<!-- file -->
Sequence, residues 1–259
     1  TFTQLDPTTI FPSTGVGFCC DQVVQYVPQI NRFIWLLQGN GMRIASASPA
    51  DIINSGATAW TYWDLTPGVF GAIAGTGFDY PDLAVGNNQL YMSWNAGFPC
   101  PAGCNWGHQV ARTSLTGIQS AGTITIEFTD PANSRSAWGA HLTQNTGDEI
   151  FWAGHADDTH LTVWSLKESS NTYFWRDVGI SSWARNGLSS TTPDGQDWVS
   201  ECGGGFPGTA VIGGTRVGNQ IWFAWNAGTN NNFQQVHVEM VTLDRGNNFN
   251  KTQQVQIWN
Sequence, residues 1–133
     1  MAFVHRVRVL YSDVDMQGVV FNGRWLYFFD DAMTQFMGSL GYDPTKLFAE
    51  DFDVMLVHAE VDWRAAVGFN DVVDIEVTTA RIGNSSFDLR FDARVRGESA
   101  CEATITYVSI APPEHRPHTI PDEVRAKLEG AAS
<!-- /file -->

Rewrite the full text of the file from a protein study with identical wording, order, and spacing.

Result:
Sequence, residues 1–259
     1  TFTQLDPTTI FPSTGVGFCC DQVVQYVPQI NRFIWLLQGN GMRIASASPA
    51  DIINSGATAW TYWDLTPGVF GAIAGTGFDY PDLAVGNNQL YMSWNAGFPC
   101  PAGCNWGHQV ARTSLTGIQS AGTITIEFTD PANSRSAWGA HLTQNTGDEI
   151  FWAGHADDTH LTVWSLKESS NTYFWRDVGI SSWARNGLSS TTPDGQDWVS
   201  ECGGGFPGTA VIGGTRVGNQ IWFAWNAGTN NNFQQVHVEM VTLDRGNNFN
   251  KTQQVQIWN
Sequence, residues 1–133
     1  MAFVHRVRVL YSDVDMQGVV FNGRWLYFFD DAMTQFMGSL GYDPTKLFAE
    51  DFDVMLVHAE VDWRAAVGFN DVVDIEVTTA RIGNSSFDLR FDARVRGESA
   101  CEATITYVSI APPEHRPHTI PDEVRAKLEG AAS